Ask Aunty Pam
Dear Aunty Pam,
I’ve been really depressed lately over losing some friends on Facebook and also personally. I won’t tell you what political party I am but even when I post a very even keeled comment, I feel like I get attacked by people who I thought were my friends, or at least could exercise some common courtesy.
I know we live during a time of a very polarized country, but I find myself ‘unfriending’ people I thought I knew for years because they’re being so hateful, and others absolutely refuse to discuss anything rationally—even if I show documented, proven truth to defend my point—they just dismiss or make some snarky response.
It’s now at the point where I avoid a couple of people in my neighborhood who I always considered to be friends, and a woman who runs a gift shop in town that I’ve known and liked for years has stopped talking to me. It’s really depressing, and my husband said this is why he never posts anything political on Facebook because it stirs people up. He also said it seems ridiculous to unfriend people just because they don’t agree with me. I get where he’s coming from, but I feel like on one hand, there’s few things more important than a presidential election, with the platforms that come with it. On the other hand, I’m wondering if these people that I’m no longer friends with were really friends to begin with? And if they weren’t, why do I feel so bummed about it?
I too understand your husband’s statement, however, social media is a little different from a dinner party in which it is a well known taboo to discuss religion or politics. When people become Facebook ‘friends,’ or ‘followers,’ they generally have a sense of what kind of person you are from your postings. You may be someone who generally enjoys sharing puppy videos or post 25 photos of you and your “wonderful husband!!” during your “wonderful trip to Barbados!!” during your “wonderful surprise trip!!” Or…you may be someone who is extremely interested in the social and political ramifications of an election on this country.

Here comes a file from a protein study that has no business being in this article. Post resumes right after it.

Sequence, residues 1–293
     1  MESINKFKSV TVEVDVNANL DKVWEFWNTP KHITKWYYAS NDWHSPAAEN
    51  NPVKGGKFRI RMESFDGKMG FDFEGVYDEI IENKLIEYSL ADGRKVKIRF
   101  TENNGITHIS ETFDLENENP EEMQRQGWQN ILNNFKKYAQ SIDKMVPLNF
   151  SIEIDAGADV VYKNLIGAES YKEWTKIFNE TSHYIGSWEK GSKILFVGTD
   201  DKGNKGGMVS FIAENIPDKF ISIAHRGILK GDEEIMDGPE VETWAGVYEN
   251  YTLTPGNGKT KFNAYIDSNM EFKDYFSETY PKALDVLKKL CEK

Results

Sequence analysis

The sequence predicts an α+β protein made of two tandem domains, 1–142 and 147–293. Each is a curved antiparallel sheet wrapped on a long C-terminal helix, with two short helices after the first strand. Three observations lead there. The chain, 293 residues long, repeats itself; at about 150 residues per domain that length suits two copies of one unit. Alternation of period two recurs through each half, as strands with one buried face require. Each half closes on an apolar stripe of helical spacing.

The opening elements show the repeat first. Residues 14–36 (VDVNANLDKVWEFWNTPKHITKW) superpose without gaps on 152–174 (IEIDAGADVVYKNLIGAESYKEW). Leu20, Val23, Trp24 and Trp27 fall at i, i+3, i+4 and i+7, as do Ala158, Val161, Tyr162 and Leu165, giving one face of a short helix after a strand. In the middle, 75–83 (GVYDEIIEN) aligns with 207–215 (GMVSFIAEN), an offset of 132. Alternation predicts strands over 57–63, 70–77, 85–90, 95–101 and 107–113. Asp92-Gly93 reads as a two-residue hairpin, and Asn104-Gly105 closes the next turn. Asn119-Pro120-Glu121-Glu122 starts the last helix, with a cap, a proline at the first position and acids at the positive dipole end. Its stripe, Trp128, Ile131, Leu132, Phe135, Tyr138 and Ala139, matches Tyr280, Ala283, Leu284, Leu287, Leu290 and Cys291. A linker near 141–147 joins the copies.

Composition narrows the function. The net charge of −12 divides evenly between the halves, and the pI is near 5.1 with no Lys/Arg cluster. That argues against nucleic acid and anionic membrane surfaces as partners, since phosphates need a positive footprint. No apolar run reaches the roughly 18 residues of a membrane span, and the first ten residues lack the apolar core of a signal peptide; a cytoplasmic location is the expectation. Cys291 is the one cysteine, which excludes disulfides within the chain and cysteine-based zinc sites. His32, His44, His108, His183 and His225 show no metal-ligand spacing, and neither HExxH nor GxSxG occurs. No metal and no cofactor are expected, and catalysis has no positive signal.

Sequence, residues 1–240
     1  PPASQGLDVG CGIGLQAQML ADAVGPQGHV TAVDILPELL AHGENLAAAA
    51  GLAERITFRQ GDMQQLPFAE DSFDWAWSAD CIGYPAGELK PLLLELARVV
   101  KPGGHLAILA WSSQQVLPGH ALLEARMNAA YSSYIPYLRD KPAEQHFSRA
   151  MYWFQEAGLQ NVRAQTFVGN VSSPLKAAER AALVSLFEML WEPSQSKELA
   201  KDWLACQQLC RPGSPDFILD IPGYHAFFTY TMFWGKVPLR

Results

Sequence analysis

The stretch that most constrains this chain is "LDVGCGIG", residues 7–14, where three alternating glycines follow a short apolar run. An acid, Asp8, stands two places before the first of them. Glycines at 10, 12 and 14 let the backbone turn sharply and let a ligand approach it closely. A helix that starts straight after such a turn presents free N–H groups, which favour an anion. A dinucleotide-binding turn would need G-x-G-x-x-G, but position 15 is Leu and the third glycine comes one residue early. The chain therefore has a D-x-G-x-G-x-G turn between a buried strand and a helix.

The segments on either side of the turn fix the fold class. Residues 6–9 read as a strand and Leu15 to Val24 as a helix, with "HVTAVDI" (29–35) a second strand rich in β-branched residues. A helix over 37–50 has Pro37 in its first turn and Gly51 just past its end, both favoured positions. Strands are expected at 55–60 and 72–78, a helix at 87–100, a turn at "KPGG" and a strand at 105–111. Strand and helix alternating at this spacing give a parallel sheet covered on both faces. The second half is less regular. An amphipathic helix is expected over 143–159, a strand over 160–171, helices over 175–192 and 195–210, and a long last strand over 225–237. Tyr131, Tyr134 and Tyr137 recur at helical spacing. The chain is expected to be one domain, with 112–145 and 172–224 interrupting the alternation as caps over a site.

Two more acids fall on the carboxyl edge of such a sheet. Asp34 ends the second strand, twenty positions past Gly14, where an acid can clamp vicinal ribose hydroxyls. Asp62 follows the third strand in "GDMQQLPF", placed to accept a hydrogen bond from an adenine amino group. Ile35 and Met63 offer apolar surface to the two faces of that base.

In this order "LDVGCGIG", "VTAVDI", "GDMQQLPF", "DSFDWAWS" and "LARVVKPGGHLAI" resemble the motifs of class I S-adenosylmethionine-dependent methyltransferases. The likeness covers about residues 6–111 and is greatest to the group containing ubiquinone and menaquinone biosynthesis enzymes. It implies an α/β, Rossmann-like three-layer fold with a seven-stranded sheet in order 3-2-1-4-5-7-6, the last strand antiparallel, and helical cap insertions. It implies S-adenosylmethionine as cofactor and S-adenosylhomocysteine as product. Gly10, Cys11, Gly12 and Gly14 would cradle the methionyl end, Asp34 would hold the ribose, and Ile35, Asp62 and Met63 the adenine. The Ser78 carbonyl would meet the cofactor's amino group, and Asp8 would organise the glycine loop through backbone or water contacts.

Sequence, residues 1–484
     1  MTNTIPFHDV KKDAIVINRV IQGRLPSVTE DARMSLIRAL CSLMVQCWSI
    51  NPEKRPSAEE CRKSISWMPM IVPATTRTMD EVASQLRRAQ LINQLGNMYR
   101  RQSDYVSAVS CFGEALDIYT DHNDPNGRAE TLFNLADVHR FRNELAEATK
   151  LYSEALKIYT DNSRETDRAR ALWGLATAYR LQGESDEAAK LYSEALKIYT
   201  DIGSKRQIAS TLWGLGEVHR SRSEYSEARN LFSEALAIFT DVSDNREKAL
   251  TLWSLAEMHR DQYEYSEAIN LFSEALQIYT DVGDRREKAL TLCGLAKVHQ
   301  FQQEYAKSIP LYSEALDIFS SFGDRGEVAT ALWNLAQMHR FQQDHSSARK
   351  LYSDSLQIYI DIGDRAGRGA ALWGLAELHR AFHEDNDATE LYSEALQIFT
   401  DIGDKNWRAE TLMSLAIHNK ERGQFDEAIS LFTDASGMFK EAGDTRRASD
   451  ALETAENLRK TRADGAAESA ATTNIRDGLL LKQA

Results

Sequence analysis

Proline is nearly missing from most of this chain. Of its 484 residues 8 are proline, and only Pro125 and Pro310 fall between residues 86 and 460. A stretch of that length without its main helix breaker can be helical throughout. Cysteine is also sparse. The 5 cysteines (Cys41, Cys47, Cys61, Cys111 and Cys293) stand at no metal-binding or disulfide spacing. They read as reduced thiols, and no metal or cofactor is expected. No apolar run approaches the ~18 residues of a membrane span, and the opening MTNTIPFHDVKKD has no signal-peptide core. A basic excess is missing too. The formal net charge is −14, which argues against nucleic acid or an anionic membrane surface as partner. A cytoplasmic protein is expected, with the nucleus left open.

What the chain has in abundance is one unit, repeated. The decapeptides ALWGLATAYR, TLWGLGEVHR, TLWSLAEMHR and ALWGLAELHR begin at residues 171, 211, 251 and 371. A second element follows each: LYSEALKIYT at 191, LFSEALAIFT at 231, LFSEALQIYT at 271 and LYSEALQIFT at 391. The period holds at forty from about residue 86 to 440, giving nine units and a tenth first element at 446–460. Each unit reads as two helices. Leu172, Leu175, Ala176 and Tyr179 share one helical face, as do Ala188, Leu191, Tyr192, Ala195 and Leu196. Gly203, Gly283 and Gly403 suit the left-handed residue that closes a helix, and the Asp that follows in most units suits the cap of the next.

And that sounds like you. Ain’t nothing wrong like that.
Because you make a point of stating that your posts have been ‘even keeled’ and ‘documented,’ I’m going to assume they’re not provoking or belittling in any way. For example, there’s a rather large difference in posting, “I believe a GOP majority in the senate will ensure a trickle down economy for the middle class,” and “I know Libtards will disagree, but a GOP majority will…”
You are certainly not asking too much for friends to be civil. People will often self identify with a candidate much the same as they will with a sports team. Oftentimes any criticism of a candidate can translate to a supporter that they are being criticized as well, and they get their hackles up. (I have no idea what ‘hackles’ are, by the way.)
You may simply be feeling ‘bummed’ because, well, let’s face it, confrontation isn’t a picnic. No one likes the idea of severing ties with people we’ve been friendly with for years. But Aunty Pam thinks it’s a bit trivial to think this has happened because, as the hubs says, “just because they don’t agree with you,” unless you’re a rip-roaring control freak. When we’re talking politics, we’re talking about fundamentally different points of view that shape our characters. And when politics become polarized, points of view can become exceedingly black and white. Especially if religion is also woven through, ye gods!
We choose friends mostly because we share things in common with them. In a perfect world, we could still have lots of things in common and in regards to politics, we could politely ‘agree to disagree,’ and that seems to be what you hoped to find. If your former friends weren’t capable of doing that, then, yeppers, I’d have to agree that they weren’t really your friends at all. And you know what? There’s a big difference in ‘being friendly with,’ and friends. For example, I’m friendly with a man who works at a local bakery because sometimes he gives me a free cupcake. I could give a rat’s patootie who he votes for. I want that wadge of chocolate mint frosting. But my friends are my friends, through thick or thin. It sounds as though your former ‘friends’ were perhaps good ‘acquaintances’ that, when they learned more about you, and you, them, you both decided not to let the relationship grow any further.
In the end, you purged these people because they were behaving unacceptably. I’d have done the same thing. Most folks would.
Have a cupcake, Patty. And embrace the friends you have. You’ll feel better.